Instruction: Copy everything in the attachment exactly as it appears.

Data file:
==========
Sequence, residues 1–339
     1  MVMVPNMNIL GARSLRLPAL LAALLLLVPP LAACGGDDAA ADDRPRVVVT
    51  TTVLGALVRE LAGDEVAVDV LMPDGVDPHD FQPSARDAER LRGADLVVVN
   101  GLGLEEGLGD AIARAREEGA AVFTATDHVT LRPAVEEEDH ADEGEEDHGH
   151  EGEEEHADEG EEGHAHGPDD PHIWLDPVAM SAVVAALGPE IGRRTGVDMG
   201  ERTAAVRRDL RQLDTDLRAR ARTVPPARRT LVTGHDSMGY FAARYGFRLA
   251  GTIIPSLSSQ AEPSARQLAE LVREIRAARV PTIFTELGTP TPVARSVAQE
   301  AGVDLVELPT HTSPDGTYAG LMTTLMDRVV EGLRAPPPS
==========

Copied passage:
Sequence, residues 1–339
     1  MVMVPNMNIL GARSLRLPAL LAALLLLVPP LAACGGDDAA ADDRPRVVVT
    51  TTVLGALVRE LAGDEVAVDV LMPDGVDPHD FQPSARDAER LRGADLVVVN
   101  GLGLEEGLGD AIARAREEGA AVFTATDHVT LRPAVEEEDH ADEGEEDHGH
   151  EGEEEHADEG EEGHAHGPDD PHIWLDPVAM SAVVAALGPE IGRRTGVDMG
   201  ERTAAVRRDL RQLDTDLRAR ARTVPPARRT LVTGHDSMGY FAARYGFRLA
   251  GTIIPSLSSQ AEPSARQLAE LVREIRAARV PTIFTELGTP TPVARSVAQE
   301  AGVDLVELPT HTSPDGTYAG LMTTLMDRVV EGLRAPPPS